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Trade, industry announce protest in lead of BMP, PIAF against SBP to curb imports

ISLAMABAD, JAN 22 /DNA/ – The Federation of Pakistan Chambers of Commerce & Industry’s former president Mian Anjum Nisar has said that the business community across the country has decided to come to the streets against the anti-industry policies of the government on Monday, 23rd Jan 2023 (today), lodging a massive and strong protest demonstration, especially against the non-opening of LCs (Letter of Credits) to import industry raw material for the smooth running of business activities in the country.

Mian Anjum Nisar, who is the chairman of FPCCI’s ruling group of Businessmen Panel (BMP) and also patron-in-chief of the PIAF, which is presently ruling at LCCI, threatened the government of continuing this protest across Pakistan until the clearance of their containers of imported goods, stuck up at ports for a long time, as the economy is presently in a standstill position owing to this unfortunate attitude of the authorities.

Mina Anjum Nisar urged the government for immediate restoration of the opening of letters of credit with the availability of foreign exchange for the import of raw materials putting industries into gear. He said that representatives of all trade bodies, industrial associations, markets and bazaars would participate in this protest, in the lead of BMP and PIAF, being held in front of Lahore Press Club today (Monday) to give a strong message to the government, telling them that every sector of trade and industry is severely affected due to stoppage of imported goods, as a result the economy is going towards a total closure and default.

He said what we need urgently is opening of LCs with availability of foreign exchange for meeting the requirements of industrial sector. He said that many industries are now facing shortage of raw material and are on the verge of cutting their production. He said that key products especially under HS code 84 and 85 include home appliances, air conditioners, IT products, generators, telecom, steel and automobiles. Importers are worried due to non-opening of LCs.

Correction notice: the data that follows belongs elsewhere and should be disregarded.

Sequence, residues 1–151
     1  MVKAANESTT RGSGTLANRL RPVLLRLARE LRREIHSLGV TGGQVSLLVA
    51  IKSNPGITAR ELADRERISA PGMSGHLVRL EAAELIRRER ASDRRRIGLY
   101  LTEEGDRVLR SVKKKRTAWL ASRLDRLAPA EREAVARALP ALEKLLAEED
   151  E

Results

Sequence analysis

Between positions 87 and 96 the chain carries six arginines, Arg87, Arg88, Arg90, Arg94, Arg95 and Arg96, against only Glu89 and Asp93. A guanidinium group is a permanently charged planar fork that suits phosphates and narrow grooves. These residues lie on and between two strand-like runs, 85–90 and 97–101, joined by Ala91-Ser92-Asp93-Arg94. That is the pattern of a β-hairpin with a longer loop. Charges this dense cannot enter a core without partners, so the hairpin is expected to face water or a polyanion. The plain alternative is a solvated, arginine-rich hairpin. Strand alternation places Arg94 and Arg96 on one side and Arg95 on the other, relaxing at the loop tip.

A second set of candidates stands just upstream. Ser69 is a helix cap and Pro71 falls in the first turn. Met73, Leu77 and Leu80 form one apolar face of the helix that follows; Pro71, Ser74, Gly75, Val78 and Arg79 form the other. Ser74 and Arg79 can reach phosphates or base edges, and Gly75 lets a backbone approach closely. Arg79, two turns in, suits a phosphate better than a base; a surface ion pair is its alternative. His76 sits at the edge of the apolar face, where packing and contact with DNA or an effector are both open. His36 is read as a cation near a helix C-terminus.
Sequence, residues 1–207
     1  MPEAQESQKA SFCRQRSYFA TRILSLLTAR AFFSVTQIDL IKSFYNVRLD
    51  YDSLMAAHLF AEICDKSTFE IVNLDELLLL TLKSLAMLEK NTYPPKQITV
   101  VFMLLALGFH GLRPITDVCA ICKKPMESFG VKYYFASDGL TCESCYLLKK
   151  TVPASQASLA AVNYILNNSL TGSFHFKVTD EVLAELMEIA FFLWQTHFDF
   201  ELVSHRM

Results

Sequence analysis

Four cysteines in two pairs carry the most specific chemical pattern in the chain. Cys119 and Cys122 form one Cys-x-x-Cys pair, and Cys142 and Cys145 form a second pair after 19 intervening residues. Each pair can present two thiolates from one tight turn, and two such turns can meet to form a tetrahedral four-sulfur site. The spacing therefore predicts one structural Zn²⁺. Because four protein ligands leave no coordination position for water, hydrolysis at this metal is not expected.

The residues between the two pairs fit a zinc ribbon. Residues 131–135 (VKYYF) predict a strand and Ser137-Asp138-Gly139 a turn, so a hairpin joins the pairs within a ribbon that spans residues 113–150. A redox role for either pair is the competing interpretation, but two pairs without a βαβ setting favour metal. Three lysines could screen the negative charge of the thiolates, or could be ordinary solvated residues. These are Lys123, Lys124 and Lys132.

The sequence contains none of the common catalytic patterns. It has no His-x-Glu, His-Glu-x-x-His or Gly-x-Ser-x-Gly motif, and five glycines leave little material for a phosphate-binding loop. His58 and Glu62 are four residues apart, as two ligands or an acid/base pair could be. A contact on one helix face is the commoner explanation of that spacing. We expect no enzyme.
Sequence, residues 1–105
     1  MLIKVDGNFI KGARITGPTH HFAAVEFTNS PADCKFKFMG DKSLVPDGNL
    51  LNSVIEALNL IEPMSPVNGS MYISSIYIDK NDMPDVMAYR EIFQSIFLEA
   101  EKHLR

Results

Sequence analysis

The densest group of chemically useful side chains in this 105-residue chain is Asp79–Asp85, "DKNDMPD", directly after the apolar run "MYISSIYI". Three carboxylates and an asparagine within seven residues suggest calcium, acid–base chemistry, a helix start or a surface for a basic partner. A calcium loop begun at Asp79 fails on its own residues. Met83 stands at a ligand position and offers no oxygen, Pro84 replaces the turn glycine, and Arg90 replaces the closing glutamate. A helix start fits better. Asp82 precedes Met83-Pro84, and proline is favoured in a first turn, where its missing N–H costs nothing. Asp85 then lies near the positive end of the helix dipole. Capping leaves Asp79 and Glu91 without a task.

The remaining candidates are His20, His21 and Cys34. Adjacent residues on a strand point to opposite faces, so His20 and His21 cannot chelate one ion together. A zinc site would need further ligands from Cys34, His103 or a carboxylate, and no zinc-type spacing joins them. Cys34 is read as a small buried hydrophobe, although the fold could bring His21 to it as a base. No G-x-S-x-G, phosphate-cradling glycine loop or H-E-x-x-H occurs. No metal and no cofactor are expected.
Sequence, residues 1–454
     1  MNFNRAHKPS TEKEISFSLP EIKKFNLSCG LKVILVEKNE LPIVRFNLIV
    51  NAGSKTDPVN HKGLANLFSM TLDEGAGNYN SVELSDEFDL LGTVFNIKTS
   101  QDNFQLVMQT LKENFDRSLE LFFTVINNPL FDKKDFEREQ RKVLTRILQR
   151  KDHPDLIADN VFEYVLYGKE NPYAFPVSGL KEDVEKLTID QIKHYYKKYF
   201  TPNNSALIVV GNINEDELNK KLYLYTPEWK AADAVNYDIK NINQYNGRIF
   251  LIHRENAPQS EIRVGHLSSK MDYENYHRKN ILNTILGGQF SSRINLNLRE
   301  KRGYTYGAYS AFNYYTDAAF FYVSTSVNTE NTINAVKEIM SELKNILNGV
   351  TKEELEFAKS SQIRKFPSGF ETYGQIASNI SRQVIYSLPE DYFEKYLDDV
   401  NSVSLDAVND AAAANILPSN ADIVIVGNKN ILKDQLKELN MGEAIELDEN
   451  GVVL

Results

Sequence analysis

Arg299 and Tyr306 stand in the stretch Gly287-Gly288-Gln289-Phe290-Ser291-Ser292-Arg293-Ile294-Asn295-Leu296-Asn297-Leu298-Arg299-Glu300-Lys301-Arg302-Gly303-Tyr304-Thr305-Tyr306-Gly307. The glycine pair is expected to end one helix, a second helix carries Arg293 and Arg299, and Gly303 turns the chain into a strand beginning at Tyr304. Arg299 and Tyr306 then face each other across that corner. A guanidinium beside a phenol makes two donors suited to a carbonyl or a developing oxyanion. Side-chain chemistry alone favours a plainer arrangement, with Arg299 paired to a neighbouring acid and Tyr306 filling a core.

PIAF chairman Faheem ur Rehman Saigol observed that factories importing raw material for producing food, medicines and iron are now facing serious supply constraints. Due to non-release of our import documents and consequent non-availability of raw material, the manufacturing units are on the verge of closure, he said. He said that despite the lifting of the import ban by the government, delay in opening Letters of Credit (LCs) for essential machinery, equipment and spare parts is a matter of grave concern for traders.

He said that the current economic situation is very disturbing; SMEs and large-scale industry (LSM) are suffering from slowness. Production has stopped due to non-availability of parts, bank payments are not being made, operational expenses are also becoming difficult to meet, which has increased the fear of unemployment, he added. He said that large firms in Pakistan rely on imported raw materials / parts, which run our industries. He appealed to the Finance Minister and Governor State Bank to take immediate notice of the situation and open LCs.

Faheem Saigol observed that the country has been reeling from economic distress amid fast-depleting foreign exchange reserves, weakening rupee, and worsening macroeconomic cues, as the gap between inter-bank and open-market US dollar rates has widened by over Rs24, highlighting the difference in how the greenback is being valued in two formal marketplaces in Pakistan.

Mian Anjum Nisar said that the current economic situation in Pakistan, marred by rapidly-depleting foreign exchange reserves, has also forced commercial banks to be selective in opening LCs even for sectors such as healthcare, as it has been unable to open Letters of Credit (LCs) as per its usual banking cycle.

He lamented that the economists foresee an imminent humanitarian and healthcare crisis in Pakistan unless prompt actions are taken by the State Bank of Pakistan, Ministry of Finance and other institutions to avert the disaster.

The BMP Chairman and PIAF patron-in-chief said that at the same time, the country has failed to secure much-needed funding from friendly nations and struggled to restart its International Monetary Fund bailout program.

The struggle has left policymakers in Pakistan scrambling to arrange foreign exchange amid heightened worries over the country’s economic health.

Moreover, market rumors of a possible default by Pakistan are also making rounds but the government remains optimistic that Saudi Arabia will offer crucial support for foreign exchange reserves.

The FPCCI former president said that the currency market continued to stay engulfed in a massive dollar shortage, as customers struggled to get their hands on the greenback. Dollars are not available in the market as the economic situation remains vulnerable, while foreign exchange reserves remain low.






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